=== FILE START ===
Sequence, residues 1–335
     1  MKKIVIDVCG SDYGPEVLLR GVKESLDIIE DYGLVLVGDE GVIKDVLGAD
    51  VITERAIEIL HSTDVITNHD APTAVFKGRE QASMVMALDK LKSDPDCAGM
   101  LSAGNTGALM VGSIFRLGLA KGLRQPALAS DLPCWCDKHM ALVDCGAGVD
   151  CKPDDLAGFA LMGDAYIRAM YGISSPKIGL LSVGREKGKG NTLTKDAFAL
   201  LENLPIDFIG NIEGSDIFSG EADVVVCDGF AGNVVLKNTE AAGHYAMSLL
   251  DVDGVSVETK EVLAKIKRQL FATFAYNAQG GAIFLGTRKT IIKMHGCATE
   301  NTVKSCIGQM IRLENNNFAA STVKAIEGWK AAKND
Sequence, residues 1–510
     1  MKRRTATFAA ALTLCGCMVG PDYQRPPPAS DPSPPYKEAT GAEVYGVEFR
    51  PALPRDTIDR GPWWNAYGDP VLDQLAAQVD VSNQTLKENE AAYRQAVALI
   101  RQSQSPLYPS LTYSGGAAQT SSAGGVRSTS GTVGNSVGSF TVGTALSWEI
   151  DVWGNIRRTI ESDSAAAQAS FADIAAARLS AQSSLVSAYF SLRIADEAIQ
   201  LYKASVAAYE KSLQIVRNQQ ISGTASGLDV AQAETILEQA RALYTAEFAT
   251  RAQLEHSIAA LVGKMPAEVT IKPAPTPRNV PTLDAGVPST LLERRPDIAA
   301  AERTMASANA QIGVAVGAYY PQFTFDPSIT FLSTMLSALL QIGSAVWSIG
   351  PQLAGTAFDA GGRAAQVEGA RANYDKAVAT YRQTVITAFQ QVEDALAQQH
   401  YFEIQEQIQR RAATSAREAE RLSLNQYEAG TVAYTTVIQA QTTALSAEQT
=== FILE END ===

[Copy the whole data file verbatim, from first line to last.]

Sequence, residues 1–335
     1  MKKIVIDVCG SDYGPEVLLR GVKESLDIIE DYGLVLVGDE GVIKDVLGAD
    51  VITERAIEIL HSTDVITNHD APTAVFKGRE QASMVMALDK LKSDPDCAGM
   101  LSAGNTGALM VGSIFRLGLA KGLRQPALAS DLPCWCDKHM ALVDCGAGVD
   151  CKPDDLAGFA LMGDAYIRAM YGISSPKIGL LSVGREKGKG NTLTKDAFAL
   201  LENLPIDFIG NIEGSDIFSG EADVVVCDGF AGNVVLKNTE AAGHYAMSLL
   251  DVDGVSVETK EVLAKIKRQL FATFAYNAQG GAIFLGTRKT IIKMHGCATE
   301  NTVKSCIGQM IRLENNNFAA STVKAIEGWK AAKND
Sequence, residues 1–510
     1  MKRRTATFAA ALTLCGCMVG PDYQRPPPAS DPSPPYKEAT GAEVYGVEFR
    51  PALPRDTIDR GPWWNAYGDP VLDQLAAQVD VSNQTLKENE AAYRQAVALI
   101  RQSQSPLYPS LTYSGGAAQT SSAGGVRSTS GTVGNSVGSF TVGTALSWEI
   151  DVWGNIRRTI ESDSAAAQAS FADIAAARLS AQSSLVSAYF SLRIADEAIQ
   201  LYKASVAAYE KSLQIVRNQQ ISGTASGLDV AQAETILEQA RALYTAEFAT
   251  RAQLEHSIAA LVGKMPAEVT IKPAPTPRNV PTLDAGVPST LLERRPDIAA
   301  AERTMASANA QIGVAVGAYY PQFTFDPSIT FLSTMLSALL QIGSAVWSIG
   351  PQLAGTAFDA GGRAAQVEGA RANYDKAVAT YRQTVITAFQ QVEDALAQQH
   401  YFEIQEQIQR RAATSAREAE RLSLNQYEAG TVAYTTVIQA QTTALSAEQT